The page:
A decision shall be rendered orally on the same day as the hearing, and in writing no later than the following school day. The decision shall meet all of the due process requirements of a Principal’s determination in a long-term suspension or short-term suspension, as applicable.
IN-SCHOOL SUSPENSION UNDER 603 CMR 53:02(6) & 603 CMR 53.10
In-school suspension is defined as the removal of a student from regular classroom activities, but not the school premises, for not more than ten (10) consecutive school days, or no more than ten (10) school days cumulatively for multiple infractions over the course of the school year.
A Principal may impose an in-school suspension as defined above according to the following procedures:
The Principal shall inform the student of the disciplinary offense charged and the basis for the charge, and provide the student an opportunity to dispute the charges and explain the circumstances surrounding the alleged incident. If the Principal determines that the student committed the disciplinary offense, the Principal shall inform the student of the length of the student’s in-school suspension, which shall not exceed ten (10) days, cumulatively or consecutively, in a school year.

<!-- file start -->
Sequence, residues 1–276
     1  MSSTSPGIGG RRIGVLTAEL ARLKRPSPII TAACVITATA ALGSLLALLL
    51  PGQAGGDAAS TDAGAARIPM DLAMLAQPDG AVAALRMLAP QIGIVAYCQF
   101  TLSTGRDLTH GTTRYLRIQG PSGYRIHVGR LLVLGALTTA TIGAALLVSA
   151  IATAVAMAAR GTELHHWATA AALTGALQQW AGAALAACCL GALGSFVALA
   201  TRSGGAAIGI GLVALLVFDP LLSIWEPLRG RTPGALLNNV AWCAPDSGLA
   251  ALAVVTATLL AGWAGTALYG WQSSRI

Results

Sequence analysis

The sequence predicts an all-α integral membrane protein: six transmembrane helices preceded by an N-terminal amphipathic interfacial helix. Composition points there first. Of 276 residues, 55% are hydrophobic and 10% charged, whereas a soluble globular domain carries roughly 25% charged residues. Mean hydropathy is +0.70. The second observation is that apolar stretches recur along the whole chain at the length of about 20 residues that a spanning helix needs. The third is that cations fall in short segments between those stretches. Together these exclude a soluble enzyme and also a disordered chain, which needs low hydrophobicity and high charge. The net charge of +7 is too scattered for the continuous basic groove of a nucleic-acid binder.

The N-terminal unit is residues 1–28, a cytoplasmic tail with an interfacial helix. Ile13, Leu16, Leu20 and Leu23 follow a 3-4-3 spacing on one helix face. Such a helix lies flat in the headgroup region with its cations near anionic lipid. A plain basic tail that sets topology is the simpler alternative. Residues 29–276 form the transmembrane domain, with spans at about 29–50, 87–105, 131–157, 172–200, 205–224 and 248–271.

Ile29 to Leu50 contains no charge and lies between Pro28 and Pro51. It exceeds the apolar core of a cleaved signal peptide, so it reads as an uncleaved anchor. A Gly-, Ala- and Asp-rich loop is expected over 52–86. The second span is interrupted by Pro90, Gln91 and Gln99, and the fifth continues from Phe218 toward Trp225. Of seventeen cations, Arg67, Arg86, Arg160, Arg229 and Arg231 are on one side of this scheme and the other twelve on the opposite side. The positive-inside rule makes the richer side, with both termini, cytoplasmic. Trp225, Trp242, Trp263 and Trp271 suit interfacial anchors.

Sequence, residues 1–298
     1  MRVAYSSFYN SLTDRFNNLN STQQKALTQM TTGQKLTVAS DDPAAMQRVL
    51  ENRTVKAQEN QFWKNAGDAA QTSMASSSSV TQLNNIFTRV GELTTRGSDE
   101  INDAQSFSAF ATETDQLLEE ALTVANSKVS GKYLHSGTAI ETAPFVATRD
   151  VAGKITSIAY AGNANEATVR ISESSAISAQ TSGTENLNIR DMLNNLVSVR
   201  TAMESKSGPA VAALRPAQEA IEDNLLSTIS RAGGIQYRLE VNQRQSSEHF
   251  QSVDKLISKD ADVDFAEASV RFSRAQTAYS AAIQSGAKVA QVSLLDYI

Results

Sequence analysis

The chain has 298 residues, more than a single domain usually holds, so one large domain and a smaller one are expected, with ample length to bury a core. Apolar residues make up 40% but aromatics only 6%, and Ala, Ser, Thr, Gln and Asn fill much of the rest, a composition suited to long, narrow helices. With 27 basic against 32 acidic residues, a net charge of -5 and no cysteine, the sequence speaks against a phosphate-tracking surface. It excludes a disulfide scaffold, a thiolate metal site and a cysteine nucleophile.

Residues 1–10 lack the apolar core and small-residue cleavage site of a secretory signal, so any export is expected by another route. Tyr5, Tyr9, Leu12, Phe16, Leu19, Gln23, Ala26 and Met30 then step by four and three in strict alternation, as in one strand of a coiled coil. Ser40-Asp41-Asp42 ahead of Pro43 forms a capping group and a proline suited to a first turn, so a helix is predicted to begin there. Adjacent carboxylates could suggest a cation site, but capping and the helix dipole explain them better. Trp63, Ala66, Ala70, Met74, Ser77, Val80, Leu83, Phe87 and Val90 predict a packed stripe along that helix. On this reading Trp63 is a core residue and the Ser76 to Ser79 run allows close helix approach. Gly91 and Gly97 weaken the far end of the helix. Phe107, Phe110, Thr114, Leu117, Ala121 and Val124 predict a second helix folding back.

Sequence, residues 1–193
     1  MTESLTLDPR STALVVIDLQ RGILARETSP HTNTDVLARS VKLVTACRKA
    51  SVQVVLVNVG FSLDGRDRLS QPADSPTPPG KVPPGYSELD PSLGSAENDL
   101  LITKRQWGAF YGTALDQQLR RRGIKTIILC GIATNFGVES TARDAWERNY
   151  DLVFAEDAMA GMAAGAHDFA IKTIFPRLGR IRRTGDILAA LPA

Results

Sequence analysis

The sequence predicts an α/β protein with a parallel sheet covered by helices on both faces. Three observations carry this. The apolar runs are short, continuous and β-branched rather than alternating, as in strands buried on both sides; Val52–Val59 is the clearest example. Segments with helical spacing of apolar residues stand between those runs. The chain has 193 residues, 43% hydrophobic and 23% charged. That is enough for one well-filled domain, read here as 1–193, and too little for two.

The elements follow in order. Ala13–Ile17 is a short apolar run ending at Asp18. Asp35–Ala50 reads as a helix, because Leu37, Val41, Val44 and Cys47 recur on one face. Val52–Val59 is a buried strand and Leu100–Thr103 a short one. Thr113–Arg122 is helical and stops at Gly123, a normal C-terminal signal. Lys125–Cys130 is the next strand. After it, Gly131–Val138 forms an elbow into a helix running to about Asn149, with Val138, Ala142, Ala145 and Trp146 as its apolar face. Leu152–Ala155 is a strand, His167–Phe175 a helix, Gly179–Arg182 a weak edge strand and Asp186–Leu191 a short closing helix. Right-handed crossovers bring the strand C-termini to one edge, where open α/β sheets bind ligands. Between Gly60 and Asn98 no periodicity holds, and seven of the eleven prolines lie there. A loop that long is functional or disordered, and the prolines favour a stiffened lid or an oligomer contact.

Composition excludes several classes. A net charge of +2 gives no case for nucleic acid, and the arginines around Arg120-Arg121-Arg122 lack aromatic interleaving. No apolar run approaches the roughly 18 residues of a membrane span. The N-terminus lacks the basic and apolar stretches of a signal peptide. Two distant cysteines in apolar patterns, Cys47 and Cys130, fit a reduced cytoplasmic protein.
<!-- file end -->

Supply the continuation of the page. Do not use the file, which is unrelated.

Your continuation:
On the same day as the in-school suspension decision, the Principal shall make reasonable efforts to notify the parent orally of the disciplinary offense, the reasons for concluding that the student committed the infraction, and the length of the in-school suspension. The Principal shall also invite the parent to a meeting to discuss the student’s academic performance and behavior, strategies for student engagement, and possible responses to the behavior. Such meeting shall be scheduled on the day of the suspension if possible, and if not, as soon thereafter as possible. If the Principal is unable to reach the parent after making and documenting at least two (2) attempts to do so, such attempts shall constitute reasonable efforts for purposes of orally informing the parent of the in-school suspension.
The Principal shall send written notice to the student and parent about the in-school suspension, including the reason and the length of the in-school suspension, and inviting the parent to a meeting with the Principal for the purpose set forth above, if such meeting has not already occurred. The Principal shall deliver such notice on the day of the suspension by hand-delivery, certified mail, first-class mail, email to an address provided by the parent for school communications, or by other method of delivery agreed to by the Principal and the parent.